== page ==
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Pediatrics Specialty at a Glance

Students interested in a career in pediatrics or a combined pediatrics field should take electives which will help them become a better pediatrician.


Match Statistics

Mean USMLE Step 2 CK score: 246
USMLE Step 2 CK 25th percentile: 235
USMLE Step 2 CK 75th percentile: 256.8
Average number of research experiences: 3
Average number of abstracts, presentations and publications: 4

  • Why should a student choose pediatrics?

    In pediatrics, you can impact the trajectory of a child’s life from newborn to toddler to adolescence and early adulthood. We have broad opportunities, spanning preventative counseling, procedural interventions, subspecialist expertise and community advocacy. Students should consider this specialty if you:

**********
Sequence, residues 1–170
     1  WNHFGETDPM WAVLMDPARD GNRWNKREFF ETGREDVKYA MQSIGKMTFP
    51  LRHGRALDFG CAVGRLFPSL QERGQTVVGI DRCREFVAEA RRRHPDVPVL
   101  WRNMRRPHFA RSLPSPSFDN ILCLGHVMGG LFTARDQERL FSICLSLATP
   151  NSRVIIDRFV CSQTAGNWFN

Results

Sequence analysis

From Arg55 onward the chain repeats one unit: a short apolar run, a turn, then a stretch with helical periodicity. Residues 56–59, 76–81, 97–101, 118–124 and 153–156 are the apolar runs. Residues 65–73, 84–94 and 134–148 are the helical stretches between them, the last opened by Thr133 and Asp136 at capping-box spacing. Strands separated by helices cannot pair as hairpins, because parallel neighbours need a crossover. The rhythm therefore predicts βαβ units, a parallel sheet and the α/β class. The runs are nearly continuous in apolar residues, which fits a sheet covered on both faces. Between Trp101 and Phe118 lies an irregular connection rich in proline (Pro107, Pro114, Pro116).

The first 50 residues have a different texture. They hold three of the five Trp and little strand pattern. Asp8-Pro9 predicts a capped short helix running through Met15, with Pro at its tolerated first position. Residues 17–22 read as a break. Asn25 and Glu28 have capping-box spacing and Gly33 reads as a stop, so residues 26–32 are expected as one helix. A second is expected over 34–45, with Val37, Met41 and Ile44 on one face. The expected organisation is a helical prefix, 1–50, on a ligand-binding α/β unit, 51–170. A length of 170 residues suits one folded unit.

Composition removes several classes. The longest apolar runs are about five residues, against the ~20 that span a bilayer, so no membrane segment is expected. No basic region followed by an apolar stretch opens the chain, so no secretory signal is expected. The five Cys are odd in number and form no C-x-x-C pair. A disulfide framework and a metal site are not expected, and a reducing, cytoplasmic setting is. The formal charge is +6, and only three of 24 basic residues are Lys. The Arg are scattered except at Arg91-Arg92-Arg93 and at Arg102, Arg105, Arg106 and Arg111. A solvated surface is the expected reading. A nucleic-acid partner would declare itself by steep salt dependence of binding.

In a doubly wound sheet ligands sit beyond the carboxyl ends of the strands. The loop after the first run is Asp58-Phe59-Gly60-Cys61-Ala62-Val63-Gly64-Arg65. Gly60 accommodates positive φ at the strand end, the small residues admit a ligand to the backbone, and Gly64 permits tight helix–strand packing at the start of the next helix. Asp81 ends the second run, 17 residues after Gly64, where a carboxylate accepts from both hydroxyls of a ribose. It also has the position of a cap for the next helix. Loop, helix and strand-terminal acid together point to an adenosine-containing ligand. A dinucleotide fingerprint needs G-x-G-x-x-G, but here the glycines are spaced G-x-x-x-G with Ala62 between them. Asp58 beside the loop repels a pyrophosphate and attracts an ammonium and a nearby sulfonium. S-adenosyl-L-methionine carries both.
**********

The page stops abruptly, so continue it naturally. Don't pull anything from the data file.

• love working with families, especially children of all ages.
    • would feel comfortable setting kids up for success in their lifelong health journey.
    • are interested in navigating unique treatments for young patients.

  • Are there things students should do in Phase 1 (year 1 and 2) to prepare?

    During Phase 1, students should seek opportunities to interact with children in volunteer situations, clinically associated or shadowing opportunities, etc. Most providers are adult providers and many charities and organizations focus on adults, so it is important to seek out experiences with children. Overall, students should think about ways they can interact with children as there are so many adult interactions in medicine.